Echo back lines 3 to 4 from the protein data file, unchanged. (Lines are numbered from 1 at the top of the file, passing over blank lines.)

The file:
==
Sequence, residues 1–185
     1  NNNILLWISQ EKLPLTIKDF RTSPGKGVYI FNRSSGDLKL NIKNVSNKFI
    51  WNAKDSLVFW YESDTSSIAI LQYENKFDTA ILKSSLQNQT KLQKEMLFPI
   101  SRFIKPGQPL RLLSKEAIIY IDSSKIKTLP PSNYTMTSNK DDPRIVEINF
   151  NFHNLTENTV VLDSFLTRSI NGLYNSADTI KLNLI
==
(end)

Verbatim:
    51  WNAKDSLVFW YESDTSSIAI LQYENKFDTA ILKSSLQNQT KLQKEMLFPI
   101  SRFIKPGQPL RLLSKEAIIY IDSSKIKTLP PSNYTMTSNK DDPRIVEINF